Rationale for Design: The sidewall strings contain a series of various knots that attach the mesh to the sidewall of the lacrosse head. The way that the knot pattern is structured has serious ramifications as to how the overall pocket will turn out.
To put it in simple terms, certain knots stretch the mesh out, whereas other knots bunch the mesh together. Of course, there is more to stringer theory than that, but that is the essence of it.
The sidewall strings allow stringers maximal flexibility to customize the pocket to suit whatever preferences they desire. They can construct a low pocket or a high pocket, a shallow pocket or a deep pocket, a low hold pocket or a high hold pocket… you get the point. The list can go on and on.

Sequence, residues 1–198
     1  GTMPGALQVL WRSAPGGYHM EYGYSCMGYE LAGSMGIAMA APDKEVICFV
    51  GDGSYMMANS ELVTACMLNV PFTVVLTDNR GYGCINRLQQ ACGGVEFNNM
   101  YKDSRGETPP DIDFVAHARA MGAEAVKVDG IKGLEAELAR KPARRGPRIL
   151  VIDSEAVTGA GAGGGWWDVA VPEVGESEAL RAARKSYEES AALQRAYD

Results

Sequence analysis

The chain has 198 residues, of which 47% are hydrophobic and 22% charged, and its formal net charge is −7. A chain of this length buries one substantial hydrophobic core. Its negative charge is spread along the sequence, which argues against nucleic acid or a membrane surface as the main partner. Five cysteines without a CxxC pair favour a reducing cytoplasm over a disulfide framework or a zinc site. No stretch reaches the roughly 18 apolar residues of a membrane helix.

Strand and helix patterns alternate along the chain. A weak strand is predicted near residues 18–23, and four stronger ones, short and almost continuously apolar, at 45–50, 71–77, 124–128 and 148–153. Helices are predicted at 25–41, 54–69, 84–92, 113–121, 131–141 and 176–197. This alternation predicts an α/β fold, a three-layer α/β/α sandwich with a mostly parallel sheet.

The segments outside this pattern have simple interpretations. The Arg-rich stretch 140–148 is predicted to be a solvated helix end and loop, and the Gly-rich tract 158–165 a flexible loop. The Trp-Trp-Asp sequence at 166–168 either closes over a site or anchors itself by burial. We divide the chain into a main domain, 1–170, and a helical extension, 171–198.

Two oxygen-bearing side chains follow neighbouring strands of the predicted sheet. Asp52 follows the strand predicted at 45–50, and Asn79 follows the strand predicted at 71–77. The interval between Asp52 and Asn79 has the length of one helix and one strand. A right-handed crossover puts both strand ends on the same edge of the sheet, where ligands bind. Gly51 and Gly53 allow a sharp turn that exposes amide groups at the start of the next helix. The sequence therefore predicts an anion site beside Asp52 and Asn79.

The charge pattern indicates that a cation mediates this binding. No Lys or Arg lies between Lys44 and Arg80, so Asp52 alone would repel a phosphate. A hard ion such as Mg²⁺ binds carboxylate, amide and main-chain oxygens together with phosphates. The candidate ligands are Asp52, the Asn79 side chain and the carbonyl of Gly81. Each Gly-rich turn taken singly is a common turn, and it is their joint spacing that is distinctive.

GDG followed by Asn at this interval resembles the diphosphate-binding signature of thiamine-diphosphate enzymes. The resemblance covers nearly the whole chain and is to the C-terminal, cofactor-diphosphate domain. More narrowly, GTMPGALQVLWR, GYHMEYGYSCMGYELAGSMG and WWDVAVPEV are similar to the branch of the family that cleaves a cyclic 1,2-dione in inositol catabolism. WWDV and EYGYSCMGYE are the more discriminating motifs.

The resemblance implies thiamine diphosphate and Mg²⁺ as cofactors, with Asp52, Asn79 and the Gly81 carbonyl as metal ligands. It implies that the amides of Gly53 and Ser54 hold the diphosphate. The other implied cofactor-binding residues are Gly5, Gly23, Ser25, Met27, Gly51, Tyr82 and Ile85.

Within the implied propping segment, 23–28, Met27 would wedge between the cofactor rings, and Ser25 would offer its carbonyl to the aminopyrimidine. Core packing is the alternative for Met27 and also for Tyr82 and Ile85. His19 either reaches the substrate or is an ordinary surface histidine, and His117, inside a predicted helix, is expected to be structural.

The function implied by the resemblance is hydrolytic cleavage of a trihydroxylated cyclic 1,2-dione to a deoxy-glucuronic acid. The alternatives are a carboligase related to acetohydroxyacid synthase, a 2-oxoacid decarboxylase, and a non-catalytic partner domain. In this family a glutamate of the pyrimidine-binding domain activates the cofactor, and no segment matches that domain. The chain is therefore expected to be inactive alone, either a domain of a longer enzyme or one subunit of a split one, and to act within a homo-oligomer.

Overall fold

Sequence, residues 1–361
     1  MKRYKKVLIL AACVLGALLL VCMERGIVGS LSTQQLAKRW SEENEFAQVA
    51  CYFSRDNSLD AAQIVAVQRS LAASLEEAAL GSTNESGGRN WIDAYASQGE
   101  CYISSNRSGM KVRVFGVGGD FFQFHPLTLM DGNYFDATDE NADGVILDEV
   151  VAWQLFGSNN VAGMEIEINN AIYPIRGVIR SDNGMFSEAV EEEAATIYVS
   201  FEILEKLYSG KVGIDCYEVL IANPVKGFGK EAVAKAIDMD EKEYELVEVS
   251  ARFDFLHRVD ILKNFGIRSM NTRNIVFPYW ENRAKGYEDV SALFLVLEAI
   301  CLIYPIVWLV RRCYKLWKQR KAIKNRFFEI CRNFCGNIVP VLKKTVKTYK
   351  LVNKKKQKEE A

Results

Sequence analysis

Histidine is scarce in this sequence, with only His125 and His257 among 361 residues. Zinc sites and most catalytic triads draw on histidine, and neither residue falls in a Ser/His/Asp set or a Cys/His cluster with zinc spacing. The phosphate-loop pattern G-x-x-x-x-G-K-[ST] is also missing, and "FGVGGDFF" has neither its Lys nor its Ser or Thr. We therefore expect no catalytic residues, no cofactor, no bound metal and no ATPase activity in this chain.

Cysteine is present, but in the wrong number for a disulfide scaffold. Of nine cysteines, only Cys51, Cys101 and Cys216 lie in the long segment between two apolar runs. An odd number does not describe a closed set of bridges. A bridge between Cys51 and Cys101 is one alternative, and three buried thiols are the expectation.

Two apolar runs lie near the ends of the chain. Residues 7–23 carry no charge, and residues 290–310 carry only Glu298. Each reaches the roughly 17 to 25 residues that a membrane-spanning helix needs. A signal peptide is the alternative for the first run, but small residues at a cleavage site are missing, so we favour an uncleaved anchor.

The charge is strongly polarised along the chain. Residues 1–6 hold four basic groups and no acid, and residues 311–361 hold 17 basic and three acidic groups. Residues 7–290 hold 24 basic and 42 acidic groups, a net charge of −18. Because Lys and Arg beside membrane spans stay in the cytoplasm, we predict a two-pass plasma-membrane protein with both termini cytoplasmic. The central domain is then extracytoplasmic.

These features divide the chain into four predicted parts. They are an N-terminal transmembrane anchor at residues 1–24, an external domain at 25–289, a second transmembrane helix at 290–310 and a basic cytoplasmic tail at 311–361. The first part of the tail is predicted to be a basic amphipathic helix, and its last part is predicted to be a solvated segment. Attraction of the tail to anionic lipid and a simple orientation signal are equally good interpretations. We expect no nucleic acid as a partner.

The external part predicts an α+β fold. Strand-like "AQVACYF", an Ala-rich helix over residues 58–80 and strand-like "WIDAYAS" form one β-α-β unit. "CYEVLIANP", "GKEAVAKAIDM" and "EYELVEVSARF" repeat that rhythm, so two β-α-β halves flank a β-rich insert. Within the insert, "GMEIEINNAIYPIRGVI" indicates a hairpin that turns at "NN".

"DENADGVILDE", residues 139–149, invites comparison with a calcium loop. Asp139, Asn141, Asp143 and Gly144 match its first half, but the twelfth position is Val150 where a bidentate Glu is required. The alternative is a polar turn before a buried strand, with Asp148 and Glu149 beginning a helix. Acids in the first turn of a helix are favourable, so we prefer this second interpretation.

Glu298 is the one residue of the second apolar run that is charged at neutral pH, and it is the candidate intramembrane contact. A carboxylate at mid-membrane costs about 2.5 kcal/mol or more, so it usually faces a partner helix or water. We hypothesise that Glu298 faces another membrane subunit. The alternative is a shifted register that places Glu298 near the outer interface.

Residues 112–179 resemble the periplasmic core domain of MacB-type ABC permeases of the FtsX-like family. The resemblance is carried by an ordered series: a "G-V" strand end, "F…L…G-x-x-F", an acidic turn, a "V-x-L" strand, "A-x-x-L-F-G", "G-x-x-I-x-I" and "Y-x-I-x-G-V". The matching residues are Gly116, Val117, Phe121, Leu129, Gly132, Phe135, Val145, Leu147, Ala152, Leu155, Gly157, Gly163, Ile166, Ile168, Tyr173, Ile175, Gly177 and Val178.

This is why the sidewall string is organized the way it is. The knot pattern of the sidewall strings can provide players with a stick that is optimized to complement their specific play style.
The Bottom String
Location on the Lacrosse Pocket: The bottom string is positioned between the bottom portion of the mesh and the base of the lacrosse head.
Overall Purpose: The bottom string prohibits the ball from falling through the gap between the mesh and the base of the lacrosse head. You can imagine that ball retention would be a massive problem in the absence of the bottom string due to the effects of gravity.
The length of the bottom string can also be adjusted to modify the depth of the pocket.